What It’s Like To Be On Putin’s Enemies List
Natalia Pelevina status as a major opposition leader has protected her—until now.
If the history of modern Russia is a history of ominous knocks at the door, then last month, history caught up with Natalia Pelevina.
One of the few female Russian opposition leaders, Pelevina at first mistook the visitor to her apartment in the Butovo district of Moscow on April 17 as a roving potato merchant. “We thought it was some farmers and so we just ignored it. Then, a couple of hours later, when I was ready to leave, I opened the door and this guy sticks a badge in my face and starts pushing me inside. The first things he says is, ‘We’re coming in because we have information that a highly dangerous criminal lives in this apartment.’”
Pelevina was more bemused then scared, figuring the cop had the wrong address. But then the badge-brandisher was joined by six of his colleagues, a mixed team featuring officers from Russia’s Investigative Committee (SK) and its Interior Ministry (MVD). The former head of the December 5 Party—so named for the date of Russia’s largest protest movement since the collapse of the Soviet Union—was about to have her home upended in search for proof that she was an American agent and financier of “riots.”
Now, any story out of Putinist Russia needs to be accompanied by its own glossary of terms, which appears invented by a commissar assigned to oversee ideological rigidity of Lewis Carroll. “Fascist,” for instance, means “democratic,” while “democratic” almost certainly means “fascist,” especially when the subject is a foreign country, such as Ukraine, Lithuania, or Estonia. “Rioter,” meanwhile, is a domestic coinage referring to “protester” or “member of the opposition” or, in more ennobled cases, “dissident.”
“I was trying to call my lawyer right away,” Pelevina, a longtime friend, tells me, a few weeks after her uninvited guests had gone. “The main guy with the badge starts ripping the phone out of my hand. ‘Both of you have to sit down,’ he said to me and my partner. ‘You can’t talk to each other, you can’t make any calls. This is the warrant to search your place.’ They were very thorough; they went through everything—my clothes, my dresses, my tights, my socks. They took all my computers, phones, anything remotely electronic, even battery chargers. They took my passport. The house was a mess. Every time I told them they were violating my rights by not allowing me to call my lawyer, they didn’t care.”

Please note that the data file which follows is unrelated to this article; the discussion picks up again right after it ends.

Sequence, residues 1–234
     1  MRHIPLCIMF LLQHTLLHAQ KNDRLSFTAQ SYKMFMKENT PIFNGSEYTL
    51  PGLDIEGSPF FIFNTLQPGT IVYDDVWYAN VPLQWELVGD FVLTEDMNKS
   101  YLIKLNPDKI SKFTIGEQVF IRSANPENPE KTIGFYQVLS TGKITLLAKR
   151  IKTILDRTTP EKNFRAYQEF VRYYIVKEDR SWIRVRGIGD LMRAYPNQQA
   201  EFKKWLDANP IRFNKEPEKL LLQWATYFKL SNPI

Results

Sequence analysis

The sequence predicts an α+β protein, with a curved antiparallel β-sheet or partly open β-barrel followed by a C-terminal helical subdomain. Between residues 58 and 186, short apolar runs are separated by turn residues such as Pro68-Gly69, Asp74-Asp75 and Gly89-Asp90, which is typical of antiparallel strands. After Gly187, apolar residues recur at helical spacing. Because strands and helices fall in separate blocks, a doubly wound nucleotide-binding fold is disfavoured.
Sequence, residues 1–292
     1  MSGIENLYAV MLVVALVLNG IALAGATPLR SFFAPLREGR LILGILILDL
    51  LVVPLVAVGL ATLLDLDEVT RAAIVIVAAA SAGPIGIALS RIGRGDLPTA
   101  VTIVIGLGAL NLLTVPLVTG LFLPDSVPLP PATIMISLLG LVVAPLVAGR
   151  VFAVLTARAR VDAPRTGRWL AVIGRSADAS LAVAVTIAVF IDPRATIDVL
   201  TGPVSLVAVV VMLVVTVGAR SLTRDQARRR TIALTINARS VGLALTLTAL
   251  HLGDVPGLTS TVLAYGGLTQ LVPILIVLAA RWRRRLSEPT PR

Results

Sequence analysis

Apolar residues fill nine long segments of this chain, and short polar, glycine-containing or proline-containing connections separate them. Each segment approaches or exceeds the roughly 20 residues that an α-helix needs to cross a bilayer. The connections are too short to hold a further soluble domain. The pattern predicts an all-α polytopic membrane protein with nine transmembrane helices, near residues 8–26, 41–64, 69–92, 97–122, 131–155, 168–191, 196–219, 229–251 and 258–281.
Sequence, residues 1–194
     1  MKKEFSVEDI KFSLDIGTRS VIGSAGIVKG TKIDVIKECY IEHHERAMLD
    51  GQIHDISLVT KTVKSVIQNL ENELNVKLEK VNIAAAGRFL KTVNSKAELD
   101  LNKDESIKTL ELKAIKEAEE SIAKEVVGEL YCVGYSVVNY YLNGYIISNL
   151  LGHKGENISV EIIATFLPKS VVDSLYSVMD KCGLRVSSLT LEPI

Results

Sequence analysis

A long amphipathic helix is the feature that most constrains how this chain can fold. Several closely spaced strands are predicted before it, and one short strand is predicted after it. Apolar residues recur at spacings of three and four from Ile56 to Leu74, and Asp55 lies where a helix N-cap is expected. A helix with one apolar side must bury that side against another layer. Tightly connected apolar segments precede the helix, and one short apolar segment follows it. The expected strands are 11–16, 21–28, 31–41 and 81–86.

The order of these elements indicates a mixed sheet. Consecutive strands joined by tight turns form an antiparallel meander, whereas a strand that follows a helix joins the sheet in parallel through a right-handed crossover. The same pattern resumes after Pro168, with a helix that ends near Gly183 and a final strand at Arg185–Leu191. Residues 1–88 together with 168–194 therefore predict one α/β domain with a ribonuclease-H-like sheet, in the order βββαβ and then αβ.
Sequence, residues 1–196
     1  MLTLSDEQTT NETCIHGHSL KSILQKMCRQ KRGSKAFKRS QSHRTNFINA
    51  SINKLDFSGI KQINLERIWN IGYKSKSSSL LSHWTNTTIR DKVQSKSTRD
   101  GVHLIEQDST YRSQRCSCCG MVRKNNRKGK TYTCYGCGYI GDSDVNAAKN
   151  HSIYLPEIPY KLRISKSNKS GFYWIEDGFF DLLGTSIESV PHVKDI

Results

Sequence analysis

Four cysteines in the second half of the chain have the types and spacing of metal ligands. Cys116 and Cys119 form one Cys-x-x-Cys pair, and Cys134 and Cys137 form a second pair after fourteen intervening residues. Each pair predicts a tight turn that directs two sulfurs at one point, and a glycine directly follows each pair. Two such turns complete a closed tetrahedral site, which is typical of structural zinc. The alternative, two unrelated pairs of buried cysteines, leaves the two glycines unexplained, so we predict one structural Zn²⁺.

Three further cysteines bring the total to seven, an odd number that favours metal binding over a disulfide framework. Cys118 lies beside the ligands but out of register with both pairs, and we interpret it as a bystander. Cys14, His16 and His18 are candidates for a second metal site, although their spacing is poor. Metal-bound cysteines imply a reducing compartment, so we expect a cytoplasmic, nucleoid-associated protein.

A house raid is less common than you might think in Putinshchina. The reason one generates panicked headlines in the dwindling sphere of an independent Russian media is that it rarely, if ever, occurs in isolation: typically, having one’s home searched is preliminary for an impending dam-break of state harassment, vilification, and inevitable prosecution.
“I can’t say I was shocked,” Pelevina, says. “Especially after Boris’s assassination.”
Boris here is Nemtsov, the former deputy prime minister of Russia who, on February 27, was shot in the back five times as he walked home alongside his Ukrainian girlfriend on Bolshoy Moskvoretsky Bridge, 61 meters from the Kremlin and one of the most heavily invigilated areas of Moscow. This week, Nemtsov’s colleagues published a report the slain dissident had been working on for months, documenting the number of Russian soldiers who have died in Putin’s dirty, undeclared war in Ukraine, as well as the total cost to Russian taxpayers of underwriting that war ($50 billion) and maintaining an illegal occupation of Crimea ($1 billion). Several astute observers of Nemtsov’s murder have argued that, given the skill and competence required to perpetrate such an “operation,” it is highly probable that agents of the Federal Security Service (FSB)—the latter-day KGB—were behind it.
Time has since been measured by the opposition as Pre-Boris and After-Boris: After-Boris, any attention involving badge-flashers and drawer-riflers has come to mean, “Will I be next?” At Nemtsov’s funeral, a strange man approached Kseniya Sobchak, the TV chat show host and daughter of former Leningrad mayor Anatoly Sobchak—once upon a time Putin’s political patron and mentor—and told her that she would be next. Sobchak wisely left Russia for a time. Alexei Venediktov, the editor-in-chief of Ekho Moskvy, a still somewhat independent radio station, was personally threatened by Ramzan Kadyrov, the warlord-president of Chechnya, for publishing on the outlet’s website the Charlie Hebdo cartoons mocking religion, including Islam. (In one of the least plausible explanations for the motive behind Nemtsov’s murder, it was alleged that his solidarity with the Hebdo massacre victims led to a fall into disfavor with Islamic extremists who then exacted revenge.) Venediktov, too, left Russia for a while, then came back. Rumors abound that there may even be a Kadyrov “hit-list.”
Nonetheless, Pelevina has retrenched rather than retreated. In early March, largely as a show of solidarity, Pelevina quit her own party and joined Nemtsov’s Republican Party of Russia—People’s Party (RPR-PARNAS), which, formerly headed by a troika, has now been reduced to one co-chair, post-Boris: former prime minister Mikhail Kasyanov. It was to put pressure on Kasyanov, Pelevina believes, that she was targeted. There may have been another reason, too. The warrant to raid her place was signed by Artur Karpov, a “Magnitsky judge”—that is, one of a number of jurists who have been implicated in Russia’s largest conspiracy under the Putin regime, in which officials from the nation’s tax bureaus, Interior Ministry and FSB stole $230 million in a tax scam, then allegedly had Sergei Magnitsky, the whistleblowing attorney who exposed them all, murdered.